The Obama administration is promising to announce its selection to take over the commissioner's post at FDA in the coming days, but the White House is still playing it's hand closely.
According to wire service reports, Robert Gibbs, White House spokesman, told reporters at a press conference that Obama "hopes in the next few days to announce a pick for commissioner at FDA." Gibbs made the comments in the shadow of the salmonella-tainted peanut butter outbreak, noting that "whether it was our own regulatory system or a company that repeatedly found salmonella in its own testing (and) would continue to ship out that product is beyond disturbing for millions of parents."
However, any nominee will likely have to wait until Daschle's back-tax embarrassment clears the Senate, a process whose end is not yet in sight.
Among the now-expanded list of potential commissioners are Joshua Sharfstein, MD, who runs the public health department for the city of Baltimore and Robert Califf, MD, a cardiologist at Duke University Medical Center (Durham, North Carolina). However, cardiologist Steve Nissen of the Cleveland Clinic (Cleveland) apparently also is still in the running.
Frank Torti, MD, is currently serving as the interim commissioner at FDA. Torti was named the agency's chief science officer last April.
Obama wants 'complete review' of FDA
President Barack Obama is said to have ordered a "complete review" of operations at FDA as a result of the distribution of salmonella-contaminated peanut products that have sickened more than 500 people and may involved in eight deaths in an interview aired Sunday on the Today Show.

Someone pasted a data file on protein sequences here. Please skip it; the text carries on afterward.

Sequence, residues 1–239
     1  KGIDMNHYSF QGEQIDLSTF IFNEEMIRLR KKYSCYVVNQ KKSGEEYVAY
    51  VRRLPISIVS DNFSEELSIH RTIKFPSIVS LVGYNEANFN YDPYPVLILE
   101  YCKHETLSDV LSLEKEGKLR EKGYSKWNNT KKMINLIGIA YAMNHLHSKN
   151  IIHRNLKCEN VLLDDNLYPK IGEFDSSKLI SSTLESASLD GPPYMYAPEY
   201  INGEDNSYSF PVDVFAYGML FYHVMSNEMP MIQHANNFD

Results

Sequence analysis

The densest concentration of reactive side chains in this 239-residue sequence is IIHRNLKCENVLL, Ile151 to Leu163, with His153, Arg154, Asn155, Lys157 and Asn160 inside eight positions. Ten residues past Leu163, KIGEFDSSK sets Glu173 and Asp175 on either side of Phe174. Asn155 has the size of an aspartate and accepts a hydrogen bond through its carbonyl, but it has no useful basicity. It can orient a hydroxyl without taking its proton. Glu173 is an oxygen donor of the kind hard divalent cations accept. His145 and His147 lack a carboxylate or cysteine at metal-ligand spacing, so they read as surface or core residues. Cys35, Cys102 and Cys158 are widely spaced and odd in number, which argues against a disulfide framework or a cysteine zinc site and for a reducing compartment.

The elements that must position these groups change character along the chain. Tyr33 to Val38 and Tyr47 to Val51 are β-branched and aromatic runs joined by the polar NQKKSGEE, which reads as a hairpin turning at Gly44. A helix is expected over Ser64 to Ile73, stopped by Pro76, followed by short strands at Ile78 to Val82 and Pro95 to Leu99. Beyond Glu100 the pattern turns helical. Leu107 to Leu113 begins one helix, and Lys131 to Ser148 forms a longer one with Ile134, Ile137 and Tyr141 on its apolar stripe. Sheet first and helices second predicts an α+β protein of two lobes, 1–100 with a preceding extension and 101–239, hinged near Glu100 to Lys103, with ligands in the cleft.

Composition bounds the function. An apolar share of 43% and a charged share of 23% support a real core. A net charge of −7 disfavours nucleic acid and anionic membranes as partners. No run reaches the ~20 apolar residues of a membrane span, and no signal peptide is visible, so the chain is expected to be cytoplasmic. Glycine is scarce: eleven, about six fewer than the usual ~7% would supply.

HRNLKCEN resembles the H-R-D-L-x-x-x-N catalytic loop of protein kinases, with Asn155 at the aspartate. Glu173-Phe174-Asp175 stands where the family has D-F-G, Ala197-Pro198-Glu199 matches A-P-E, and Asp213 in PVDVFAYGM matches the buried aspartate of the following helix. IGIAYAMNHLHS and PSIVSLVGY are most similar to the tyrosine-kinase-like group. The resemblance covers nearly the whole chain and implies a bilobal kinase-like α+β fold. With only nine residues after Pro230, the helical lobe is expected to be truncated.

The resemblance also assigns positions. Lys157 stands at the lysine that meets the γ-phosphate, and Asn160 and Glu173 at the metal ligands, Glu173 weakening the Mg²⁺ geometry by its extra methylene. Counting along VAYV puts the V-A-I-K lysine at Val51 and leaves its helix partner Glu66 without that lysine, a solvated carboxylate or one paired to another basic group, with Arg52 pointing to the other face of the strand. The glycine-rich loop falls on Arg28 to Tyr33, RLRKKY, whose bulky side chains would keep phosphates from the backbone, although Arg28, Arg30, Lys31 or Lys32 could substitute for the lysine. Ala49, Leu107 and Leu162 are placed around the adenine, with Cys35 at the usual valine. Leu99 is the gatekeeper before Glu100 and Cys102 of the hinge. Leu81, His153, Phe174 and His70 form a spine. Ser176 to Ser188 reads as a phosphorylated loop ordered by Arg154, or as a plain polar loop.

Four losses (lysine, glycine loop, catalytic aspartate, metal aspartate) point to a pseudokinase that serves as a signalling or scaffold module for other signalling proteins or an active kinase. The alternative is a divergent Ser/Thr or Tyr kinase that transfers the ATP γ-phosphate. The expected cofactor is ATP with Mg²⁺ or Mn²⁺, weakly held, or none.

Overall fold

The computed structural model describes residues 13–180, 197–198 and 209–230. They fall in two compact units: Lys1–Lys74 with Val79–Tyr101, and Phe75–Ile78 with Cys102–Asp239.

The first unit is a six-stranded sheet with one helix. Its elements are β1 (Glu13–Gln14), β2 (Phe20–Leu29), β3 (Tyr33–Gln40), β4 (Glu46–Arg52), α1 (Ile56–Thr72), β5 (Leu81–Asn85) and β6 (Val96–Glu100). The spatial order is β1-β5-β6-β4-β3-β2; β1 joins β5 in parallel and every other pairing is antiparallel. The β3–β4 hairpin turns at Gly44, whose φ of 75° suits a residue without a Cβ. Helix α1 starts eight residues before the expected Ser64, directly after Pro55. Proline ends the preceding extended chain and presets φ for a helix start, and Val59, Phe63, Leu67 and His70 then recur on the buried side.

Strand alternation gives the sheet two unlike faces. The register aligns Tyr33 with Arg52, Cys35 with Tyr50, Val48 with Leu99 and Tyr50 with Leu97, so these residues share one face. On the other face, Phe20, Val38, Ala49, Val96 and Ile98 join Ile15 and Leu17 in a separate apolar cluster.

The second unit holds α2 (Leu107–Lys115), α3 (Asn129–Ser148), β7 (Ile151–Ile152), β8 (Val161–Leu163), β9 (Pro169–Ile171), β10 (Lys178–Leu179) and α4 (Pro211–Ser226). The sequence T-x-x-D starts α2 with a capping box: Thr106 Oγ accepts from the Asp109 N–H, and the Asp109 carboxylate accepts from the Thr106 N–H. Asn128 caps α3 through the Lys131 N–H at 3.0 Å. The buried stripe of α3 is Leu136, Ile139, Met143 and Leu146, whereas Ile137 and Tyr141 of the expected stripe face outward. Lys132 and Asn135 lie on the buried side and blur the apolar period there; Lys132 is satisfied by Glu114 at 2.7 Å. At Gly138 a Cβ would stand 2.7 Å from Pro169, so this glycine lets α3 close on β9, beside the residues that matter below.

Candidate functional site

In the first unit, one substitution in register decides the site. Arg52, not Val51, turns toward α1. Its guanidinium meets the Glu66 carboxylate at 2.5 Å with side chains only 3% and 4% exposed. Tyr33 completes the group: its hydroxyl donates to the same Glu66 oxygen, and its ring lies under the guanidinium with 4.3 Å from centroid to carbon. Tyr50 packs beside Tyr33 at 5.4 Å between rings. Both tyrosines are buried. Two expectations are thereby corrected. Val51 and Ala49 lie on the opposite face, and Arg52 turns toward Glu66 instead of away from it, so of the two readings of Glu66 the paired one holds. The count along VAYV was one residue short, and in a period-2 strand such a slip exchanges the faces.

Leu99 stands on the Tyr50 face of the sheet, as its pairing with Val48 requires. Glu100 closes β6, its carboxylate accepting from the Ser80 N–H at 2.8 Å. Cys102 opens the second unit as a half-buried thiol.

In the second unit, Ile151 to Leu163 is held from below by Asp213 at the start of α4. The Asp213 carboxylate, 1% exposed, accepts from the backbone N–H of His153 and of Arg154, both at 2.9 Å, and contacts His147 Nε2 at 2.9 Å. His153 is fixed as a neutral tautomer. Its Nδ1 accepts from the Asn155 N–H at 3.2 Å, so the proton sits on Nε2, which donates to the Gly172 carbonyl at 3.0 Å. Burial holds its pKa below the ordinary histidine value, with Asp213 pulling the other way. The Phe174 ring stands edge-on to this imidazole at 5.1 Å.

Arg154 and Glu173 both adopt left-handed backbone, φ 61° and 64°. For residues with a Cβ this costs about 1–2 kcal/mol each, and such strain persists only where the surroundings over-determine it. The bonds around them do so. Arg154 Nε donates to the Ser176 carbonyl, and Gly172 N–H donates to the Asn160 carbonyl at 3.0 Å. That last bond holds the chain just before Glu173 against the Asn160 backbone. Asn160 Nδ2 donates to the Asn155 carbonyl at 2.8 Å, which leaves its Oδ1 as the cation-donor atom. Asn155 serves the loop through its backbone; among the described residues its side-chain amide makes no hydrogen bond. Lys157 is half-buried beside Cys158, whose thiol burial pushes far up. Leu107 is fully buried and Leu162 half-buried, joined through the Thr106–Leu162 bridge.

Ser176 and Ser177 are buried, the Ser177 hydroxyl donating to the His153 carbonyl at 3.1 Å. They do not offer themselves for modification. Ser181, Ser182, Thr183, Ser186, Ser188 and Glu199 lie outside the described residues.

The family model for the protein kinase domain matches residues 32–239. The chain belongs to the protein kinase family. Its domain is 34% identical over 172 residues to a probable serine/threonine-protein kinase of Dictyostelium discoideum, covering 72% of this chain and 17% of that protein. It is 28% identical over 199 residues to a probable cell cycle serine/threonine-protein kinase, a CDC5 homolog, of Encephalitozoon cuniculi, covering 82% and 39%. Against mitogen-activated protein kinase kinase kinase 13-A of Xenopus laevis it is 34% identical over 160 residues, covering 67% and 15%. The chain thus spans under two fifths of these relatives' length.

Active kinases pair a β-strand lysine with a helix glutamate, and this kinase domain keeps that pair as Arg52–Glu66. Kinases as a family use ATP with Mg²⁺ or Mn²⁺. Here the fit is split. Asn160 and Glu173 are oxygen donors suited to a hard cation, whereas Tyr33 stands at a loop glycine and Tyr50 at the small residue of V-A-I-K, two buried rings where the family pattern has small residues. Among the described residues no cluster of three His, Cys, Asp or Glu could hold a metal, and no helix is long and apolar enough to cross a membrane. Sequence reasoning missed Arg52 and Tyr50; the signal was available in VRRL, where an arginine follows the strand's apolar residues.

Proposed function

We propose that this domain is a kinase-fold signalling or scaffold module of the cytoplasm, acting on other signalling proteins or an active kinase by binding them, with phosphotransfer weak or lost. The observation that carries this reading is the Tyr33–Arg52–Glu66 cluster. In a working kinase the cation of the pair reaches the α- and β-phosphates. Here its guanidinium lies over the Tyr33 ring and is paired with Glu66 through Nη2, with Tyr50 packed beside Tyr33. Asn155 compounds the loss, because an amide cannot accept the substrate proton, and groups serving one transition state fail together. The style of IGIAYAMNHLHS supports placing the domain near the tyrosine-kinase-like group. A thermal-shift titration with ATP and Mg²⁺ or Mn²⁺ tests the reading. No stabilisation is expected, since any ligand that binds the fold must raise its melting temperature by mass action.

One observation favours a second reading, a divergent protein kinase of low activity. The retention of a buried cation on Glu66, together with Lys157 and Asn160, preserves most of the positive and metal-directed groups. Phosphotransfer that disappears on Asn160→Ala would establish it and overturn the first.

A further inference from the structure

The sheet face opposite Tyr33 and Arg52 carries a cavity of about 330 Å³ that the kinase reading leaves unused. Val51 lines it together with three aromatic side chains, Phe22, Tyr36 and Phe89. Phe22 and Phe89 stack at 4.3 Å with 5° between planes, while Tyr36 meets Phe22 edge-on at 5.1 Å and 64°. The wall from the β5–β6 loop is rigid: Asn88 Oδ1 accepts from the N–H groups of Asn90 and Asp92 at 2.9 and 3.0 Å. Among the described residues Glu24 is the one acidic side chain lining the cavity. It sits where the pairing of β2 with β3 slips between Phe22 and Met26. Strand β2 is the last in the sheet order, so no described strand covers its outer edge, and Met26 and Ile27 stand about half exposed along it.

According to wire service reports, Obama told Matt Lauer, co-host of the Today Show, that the agency's failure to recognize and intercept the products was only one of numerous "instances over the last several years" in which the agency "has not been able to catch some of these things as quickly as I expect them to catch."
Obama told Lauer in the interview, which was recorded Sunday at the White House, that at a minimum, American citizens should "be able to count on our government keeping our kids safe when they eat peanut butter."
Proton beams for prostate cancer still stuck in limbo
The Centers for Medicare & Medicaid Services has to cope with the impact of new technology on medical treatment, but sometimes some old-timer technologies resurface as reimbursement issues. This is the decidedly the case where proton beam therapy (PBT) is concerned, especially in connection with a proposal last year to examine the possibility of covering PBT treatment of prostate cancer. However, the situation is unresolved and the change of administration seems to offer little prospect of action anytime soon
One opponent of such an expansion of coverage is Mark Thompson, MD, of the Florida Radiation Oncology Group (Orange Park, Florida), who wrote in an Aug. 8, 2008 letter to CMS that "the results in treating prostate cancer are no better than using IMRT (intensity-modulated radiation therapy from an X-ray source) or prostate brachytherapy, which cost a fraction of proton therapy." Thompson made the case that until the data for PBT "support superior results ... protons for prostate cancer should not be funded."